(5) To ensure that there is consistency both from one accounting standard to another and between accounting standards and company law.

(6) To issue accounting standards only when the expected benefits exceed the perceived costs. The Board recognizes that reliable cost/benefit calculations are seldom possible. However, it will always assess the need for standards in terms of the significance and extent of the problem being addressed and will choose the standard which appears to be most effective in cost/benefit terms.

(7) To take account of the desire of the financial community for evolutionary rather than revolutionary change in the reporting process, where this is consistent with the objective outlined above.

In 1983, the Accounting Standards Committee (ASC) obtained a written opinion from counsel on the meaning of true and fair with particular reference to the role of accounting standards. The opinion states that financial statements will not be true and fair unless the information they contain is sufficient in quantity and quality to satisfy the reasonable expectations of the readers to whom they are addressed.

But the expectations of the readers are likely to be influenced by the practices of accountants because, by and large, they will expect to get what they ordinarily get and that, in turn, will depend upon (he normal practices of accountants. Therefore, the compliance with accepted accounting principles is treated as prima facie evidence that the financial statements are true and fair.

The opinion states that since the function of the ASC is to formulate what it considers should be generally accepted accounting principles, the value of a Statement of Standard Accounting Practice (SSAP) to a court is:

(а) A statement of professional opinion which readers may expect in financial statements which are true and fair.

(b) That readers expect financial statements to comply with standards.

The opinion concludes, therefore, that financial statements which depart from standards may be held not to be true and fair, unless a strong body of professional opinion opts out of applying the standard.

The Companies Act, 1989 introduced a requirement to state whether the accounts have been prepared in accordance with applicable accounting standards and give details of, and the reasons for, any material departures.

Statement of Standard Accounting Practices (SSAPs), which are produced mainly by a committee after a period of exposure and comment on the proposed statements, are mandatory for all qualified accountants involved in producing company financial statements.

Such accountants (preparers) must ensure that stated standards are implemented by the companies by whom they are employed, unless circumstances dictate that there should be a departure; in which case, this has to be fully disclosed in the published financial statements. Company auditors are also required to verify that companies have been following standard accounting practices and to report any disagreement with the departures made.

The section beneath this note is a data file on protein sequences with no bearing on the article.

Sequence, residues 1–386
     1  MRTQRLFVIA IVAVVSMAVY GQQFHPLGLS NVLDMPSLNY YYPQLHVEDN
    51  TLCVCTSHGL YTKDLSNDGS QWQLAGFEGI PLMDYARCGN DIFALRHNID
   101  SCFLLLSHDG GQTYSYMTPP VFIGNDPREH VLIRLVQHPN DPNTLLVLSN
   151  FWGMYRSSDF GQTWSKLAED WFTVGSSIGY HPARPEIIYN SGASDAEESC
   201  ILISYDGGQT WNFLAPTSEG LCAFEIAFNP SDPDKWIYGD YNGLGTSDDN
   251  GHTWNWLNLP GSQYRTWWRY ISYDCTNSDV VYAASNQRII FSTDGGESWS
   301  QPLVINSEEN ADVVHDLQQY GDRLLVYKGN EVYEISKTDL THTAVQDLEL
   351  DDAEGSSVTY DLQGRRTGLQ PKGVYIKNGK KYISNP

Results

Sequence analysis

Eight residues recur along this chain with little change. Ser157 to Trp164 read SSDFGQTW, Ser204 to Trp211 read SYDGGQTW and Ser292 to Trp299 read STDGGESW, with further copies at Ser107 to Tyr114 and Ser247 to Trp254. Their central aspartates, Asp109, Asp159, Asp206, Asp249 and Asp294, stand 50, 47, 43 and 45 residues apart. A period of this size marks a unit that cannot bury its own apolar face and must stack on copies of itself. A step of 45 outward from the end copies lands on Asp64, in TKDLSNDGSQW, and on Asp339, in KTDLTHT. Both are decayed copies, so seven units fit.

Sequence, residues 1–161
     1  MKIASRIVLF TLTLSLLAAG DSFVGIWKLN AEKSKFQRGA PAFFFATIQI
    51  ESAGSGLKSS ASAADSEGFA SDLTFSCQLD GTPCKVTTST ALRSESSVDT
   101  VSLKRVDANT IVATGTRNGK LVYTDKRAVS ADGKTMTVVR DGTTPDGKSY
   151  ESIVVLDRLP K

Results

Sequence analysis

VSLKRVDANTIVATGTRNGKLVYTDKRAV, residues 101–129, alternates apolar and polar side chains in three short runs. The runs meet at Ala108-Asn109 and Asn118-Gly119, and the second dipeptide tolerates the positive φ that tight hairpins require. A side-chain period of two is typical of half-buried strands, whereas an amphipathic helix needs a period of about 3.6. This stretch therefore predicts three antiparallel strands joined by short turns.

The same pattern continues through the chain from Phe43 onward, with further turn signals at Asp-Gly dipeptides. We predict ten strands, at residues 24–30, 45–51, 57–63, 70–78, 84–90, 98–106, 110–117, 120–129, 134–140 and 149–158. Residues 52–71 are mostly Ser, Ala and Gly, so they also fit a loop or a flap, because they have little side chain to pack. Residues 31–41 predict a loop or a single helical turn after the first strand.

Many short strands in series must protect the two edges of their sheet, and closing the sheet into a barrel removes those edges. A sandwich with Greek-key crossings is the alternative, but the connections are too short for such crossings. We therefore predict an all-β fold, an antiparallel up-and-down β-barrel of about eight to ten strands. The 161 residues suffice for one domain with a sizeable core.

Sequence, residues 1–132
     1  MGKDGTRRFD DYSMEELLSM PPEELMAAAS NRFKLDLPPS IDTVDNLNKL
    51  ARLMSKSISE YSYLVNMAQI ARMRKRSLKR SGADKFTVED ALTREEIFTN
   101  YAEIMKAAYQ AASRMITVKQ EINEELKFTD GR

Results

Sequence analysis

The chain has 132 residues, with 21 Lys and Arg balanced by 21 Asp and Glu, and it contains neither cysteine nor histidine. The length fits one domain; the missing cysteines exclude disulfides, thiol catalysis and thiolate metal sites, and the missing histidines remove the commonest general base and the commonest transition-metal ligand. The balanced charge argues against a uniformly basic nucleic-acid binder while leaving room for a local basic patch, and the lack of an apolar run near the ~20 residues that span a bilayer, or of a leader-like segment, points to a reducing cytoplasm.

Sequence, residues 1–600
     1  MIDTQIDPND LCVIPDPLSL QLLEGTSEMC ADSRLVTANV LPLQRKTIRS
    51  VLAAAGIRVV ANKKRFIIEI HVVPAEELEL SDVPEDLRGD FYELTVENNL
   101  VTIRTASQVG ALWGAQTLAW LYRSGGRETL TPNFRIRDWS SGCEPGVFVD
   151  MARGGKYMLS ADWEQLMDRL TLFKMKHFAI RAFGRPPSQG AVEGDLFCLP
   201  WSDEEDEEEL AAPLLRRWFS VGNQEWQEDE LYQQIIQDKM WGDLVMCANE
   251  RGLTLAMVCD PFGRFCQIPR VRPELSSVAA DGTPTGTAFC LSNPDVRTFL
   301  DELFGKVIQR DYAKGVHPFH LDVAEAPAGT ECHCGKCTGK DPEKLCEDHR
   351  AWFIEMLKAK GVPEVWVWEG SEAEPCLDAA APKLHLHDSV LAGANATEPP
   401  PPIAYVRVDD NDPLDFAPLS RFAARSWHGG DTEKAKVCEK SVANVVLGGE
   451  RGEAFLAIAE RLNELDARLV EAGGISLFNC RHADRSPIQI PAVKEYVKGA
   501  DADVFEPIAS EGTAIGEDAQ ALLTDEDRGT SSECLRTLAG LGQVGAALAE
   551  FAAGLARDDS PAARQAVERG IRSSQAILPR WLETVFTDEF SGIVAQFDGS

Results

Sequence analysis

Despite these impositions on accountants, however, Statements of Standard Accounting Practices (SSAPs) are not mandatory on the persons ultimately responsible for the production and quality of financial statements (company directors), unless they also happen to be accountants to whom the statements apply.

Thus it appears to be quite conceivable that company managements can deviate from the stated accounting standards, irrespective of the circumstances, though this will require to be verified by their auditors. In other words, professional statements of this kind do not appear to have the same force as those contained in statutory provisions such as the Companies Acts.

The onus for implementation appears to be largely with individual accountants. However, Part II Schedule and Companies Act, 1948 and Companies Acts of 1980 and 1981, contain most of the main accounting principles underlying the present series of SSAPs. Also, SSAPs intended to add to truth and fairness are effectively to be considered by the company and its management when preparing its financial statements.

Thus, those persons responsible for presenting company financial statements cannot ignore such SSAPs. But the ASB, whose authority is not backed by a government agency like SEC in USA, has to rely on acceptance of its pronouncements on the existence of a consensus of views among practicing accountants, industry, commerce, and on occasion, the government.

UK accounting standards always indicate, in an appendix, whether or not they are consistent with IASB standards. Companies which apply UK standards are therefore to a considerable extent applying IASs implicitly but seldom acknowledge that fact in their annual reports.

The ASB has identified three different strategies for reacting to the mounting pressure for harmonization:

i. Adopt international standards for domestic purposes

ii. Develop domestic requirements without regard to international standards, or

iii. Harmonize national requirements with international standards where possible.

Analysis of benefits and limitations led the ASB to support the third strategy. The Board has taken the view that it will depart from international consensus only when:

i. There are particular legal or fiscal problems which dictate such a cause, or

ii. The Board genuinely believes that the international approach is wrong and that an independent UK standard might point the way to an eventual improvement in international practice.